Los Angeles County Real Estate Forecast for Fall 2014

fall-housing-forecast

fall-housing-forecast

“There is no present or future, only the past happening over and over again – now.” 
        – Eugene O’Neill

Ok, so that quote might be a tad dramatic, but the fact remains that we can often tell a lot about the future simply by looking at the past, the present, and the contrast between the two. When it comes to forecasting the real estate market in Los Angeles County (where our offices are), we are almost entirely dependent upon comparing where we are today to where we were in the past and from that data drawing conclusions regarding where we are headed. Those who follow our real estate blog (The Gazette) will not be surprised to learn that we believe the Months of Inventory statistics to be the single most important tool in determining the direction of the market.

Why are we such staunch supporters of the months of inventory stat? Because in this one figure we are presented with an integer that represents how long the market could sustain the current level of demand if supply was entirely cutoff.   Therefore if we take several months’ worth of this statistic and compare them to each other, we have a baseline for the direction that the market is moving. If there is an upward pattern occurring over several months then it is reasonable to assume that prices will be decreasing as either demand is decreasing or supply is increasing (both of which have a negative impact on house values).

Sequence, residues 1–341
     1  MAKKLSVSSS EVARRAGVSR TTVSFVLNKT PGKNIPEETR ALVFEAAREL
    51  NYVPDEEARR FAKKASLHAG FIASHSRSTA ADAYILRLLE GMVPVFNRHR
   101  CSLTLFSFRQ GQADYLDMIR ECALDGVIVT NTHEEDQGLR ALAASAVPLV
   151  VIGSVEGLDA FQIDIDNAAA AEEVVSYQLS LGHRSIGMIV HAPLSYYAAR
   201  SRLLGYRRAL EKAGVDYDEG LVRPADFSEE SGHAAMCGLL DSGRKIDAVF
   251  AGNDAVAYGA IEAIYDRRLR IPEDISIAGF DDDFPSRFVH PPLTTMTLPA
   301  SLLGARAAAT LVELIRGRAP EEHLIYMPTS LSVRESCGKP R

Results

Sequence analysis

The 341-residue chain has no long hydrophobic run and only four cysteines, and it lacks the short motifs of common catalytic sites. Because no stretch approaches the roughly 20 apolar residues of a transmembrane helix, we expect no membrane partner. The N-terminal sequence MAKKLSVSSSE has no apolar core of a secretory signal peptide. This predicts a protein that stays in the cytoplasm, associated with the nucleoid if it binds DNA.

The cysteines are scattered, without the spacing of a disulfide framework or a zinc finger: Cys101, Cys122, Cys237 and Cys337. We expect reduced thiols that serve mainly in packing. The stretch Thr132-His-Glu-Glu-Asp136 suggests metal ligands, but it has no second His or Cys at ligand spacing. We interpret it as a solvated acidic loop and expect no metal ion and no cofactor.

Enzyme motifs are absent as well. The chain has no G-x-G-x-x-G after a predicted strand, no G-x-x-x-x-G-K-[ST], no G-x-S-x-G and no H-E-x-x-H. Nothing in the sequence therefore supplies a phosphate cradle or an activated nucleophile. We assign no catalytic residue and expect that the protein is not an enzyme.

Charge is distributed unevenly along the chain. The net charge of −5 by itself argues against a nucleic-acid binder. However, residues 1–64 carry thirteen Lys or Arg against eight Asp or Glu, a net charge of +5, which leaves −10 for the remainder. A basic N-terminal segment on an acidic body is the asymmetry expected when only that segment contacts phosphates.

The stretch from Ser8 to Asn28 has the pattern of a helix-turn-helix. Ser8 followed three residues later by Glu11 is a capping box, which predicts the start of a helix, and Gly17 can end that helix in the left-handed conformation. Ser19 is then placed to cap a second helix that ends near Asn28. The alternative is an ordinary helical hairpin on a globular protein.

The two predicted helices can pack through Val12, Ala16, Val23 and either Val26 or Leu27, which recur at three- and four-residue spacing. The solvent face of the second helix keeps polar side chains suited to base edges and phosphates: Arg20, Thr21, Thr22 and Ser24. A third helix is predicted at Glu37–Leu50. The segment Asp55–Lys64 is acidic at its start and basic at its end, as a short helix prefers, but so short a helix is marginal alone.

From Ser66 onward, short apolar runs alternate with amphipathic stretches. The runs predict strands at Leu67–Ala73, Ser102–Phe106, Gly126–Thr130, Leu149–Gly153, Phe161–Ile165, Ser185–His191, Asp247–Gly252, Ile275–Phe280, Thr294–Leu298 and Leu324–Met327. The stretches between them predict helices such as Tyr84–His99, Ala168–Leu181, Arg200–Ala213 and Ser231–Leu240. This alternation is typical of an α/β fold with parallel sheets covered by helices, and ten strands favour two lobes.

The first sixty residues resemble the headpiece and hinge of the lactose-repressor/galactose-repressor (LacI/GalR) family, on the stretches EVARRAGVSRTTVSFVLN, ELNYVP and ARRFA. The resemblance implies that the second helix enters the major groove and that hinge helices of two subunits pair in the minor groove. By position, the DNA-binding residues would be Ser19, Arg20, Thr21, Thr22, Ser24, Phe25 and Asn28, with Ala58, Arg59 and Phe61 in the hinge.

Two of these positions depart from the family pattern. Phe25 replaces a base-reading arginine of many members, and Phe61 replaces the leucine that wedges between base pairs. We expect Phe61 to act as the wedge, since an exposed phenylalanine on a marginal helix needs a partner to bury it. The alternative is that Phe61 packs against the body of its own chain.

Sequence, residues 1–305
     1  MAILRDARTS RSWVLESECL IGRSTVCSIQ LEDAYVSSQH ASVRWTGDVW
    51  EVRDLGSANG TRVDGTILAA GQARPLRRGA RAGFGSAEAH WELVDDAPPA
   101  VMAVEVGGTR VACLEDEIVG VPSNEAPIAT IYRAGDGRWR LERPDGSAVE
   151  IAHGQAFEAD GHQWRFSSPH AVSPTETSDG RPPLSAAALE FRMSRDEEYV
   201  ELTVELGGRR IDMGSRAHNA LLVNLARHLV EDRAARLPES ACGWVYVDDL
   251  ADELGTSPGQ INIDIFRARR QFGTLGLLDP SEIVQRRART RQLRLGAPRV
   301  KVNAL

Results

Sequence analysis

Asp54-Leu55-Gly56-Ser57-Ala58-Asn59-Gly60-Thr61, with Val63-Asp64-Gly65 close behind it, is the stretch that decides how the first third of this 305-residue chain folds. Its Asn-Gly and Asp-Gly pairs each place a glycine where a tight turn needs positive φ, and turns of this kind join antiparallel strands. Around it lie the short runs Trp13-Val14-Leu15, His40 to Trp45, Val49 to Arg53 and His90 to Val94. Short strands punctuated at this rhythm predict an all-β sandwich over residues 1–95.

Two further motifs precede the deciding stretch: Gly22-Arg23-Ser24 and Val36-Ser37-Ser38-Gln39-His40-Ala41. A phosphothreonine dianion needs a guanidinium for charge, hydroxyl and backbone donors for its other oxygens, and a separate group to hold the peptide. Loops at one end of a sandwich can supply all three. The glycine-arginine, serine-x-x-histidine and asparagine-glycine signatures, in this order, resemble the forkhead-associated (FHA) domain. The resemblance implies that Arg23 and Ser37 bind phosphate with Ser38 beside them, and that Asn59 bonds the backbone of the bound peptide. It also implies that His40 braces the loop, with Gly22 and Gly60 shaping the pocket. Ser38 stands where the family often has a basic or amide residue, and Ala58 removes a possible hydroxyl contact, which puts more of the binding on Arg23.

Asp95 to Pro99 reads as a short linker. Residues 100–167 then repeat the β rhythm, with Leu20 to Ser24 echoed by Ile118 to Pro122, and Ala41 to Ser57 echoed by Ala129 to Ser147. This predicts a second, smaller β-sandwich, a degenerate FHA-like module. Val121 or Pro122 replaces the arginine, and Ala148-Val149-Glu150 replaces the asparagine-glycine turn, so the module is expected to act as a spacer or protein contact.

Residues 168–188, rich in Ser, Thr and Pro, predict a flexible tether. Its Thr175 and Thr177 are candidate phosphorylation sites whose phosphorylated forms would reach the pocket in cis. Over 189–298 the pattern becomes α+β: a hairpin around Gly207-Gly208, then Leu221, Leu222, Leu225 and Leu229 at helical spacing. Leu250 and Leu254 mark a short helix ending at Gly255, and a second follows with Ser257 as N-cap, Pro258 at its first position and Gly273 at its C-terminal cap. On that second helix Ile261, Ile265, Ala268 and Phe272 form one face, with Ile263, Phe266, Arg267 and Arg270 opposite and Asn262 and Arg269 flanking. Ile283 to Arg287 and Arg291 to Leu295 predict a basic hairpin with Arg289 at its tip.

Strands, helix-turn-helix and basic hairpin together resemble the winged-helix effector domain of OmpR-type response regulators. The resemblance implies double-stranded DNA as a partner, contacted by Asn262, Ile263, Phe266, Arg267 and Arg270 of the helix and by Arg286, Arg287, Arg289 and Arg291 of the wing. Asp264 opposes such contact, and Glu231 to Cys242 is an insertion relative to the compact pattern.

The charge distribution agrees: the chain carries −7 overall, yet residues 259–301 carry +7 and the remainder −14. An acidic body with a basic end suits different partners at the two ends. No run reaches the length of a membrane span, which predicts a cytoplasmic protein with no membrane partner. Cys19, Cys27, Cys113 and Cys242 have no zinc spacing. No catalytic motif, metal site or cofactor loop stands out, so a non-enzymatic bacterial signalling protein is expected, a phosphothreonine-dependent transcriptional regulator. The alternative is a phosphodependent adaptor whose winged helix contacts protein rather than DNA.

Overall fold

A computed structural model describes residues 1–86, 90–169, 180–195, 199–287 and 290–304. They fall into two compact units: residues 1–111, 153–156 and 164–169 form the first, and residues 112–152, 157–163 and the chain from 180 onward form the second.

This being said, for our Fall Forecast we wanted to go one step further to ensure the absolute accuracy of our advice, so we have incorporated some supporting evidence from a couple other reputable sources.

Let’s jump right in!

Below we have the month’s inventory chart going back to last June, and while it may look like a giant mess, if you look at the data points for 8/2013 and compare them to 8/2014 you will find that aside from La Canada every other city has experienced an increase in this KPI (key performance indicator).

los angeles real estate chart

While we may be able to see that the market is generally less strong than it was at this same time last year, the next question that logically comes to pass is “What caused the uptick in month’s inventory?”

To answer that question we need to look at the change in properties on the market and the change in properties sold year over year. The table below represents the change in number of active properties on 8/31/2014 and on 8/31/2013, alongside the change in sold properties during both of those months.

Example: “Glendale | 8 | -42” means that there were 8 more active properties on the market on 8/31/2014 than there were on 8/31/2013, and 42 less properties sold in August ’14 than in August ’13.

list vs sold chart

Looking at that table we can see that the common denominator is an increase in listings and a decrease in sales year over year. There are three anomalies – the first being La Canada which we have already seen doesn’t fit the pattern of an increase in month’s inventory year over year, the second is DTLA where we can see that there has been a decrease in listings AND sales, and lastly in Palmdale where there has been an increase in sales but a MASSIVE increase in new listings.

At this point we can pretty easily draw the conclusion, from our months of inventory and listing/sold data, that there is a pretty widespread increase in supply and decrease in demand going on throughout Los Angeles County and a huge increase in supply in Palmdale which is outpacing their small increase in demand.

Based off this information it is safe to say that we believe the market is incurring an influx in listings and that it is poised for a pull back as we move into what is considered the slow season in real estate: Fall.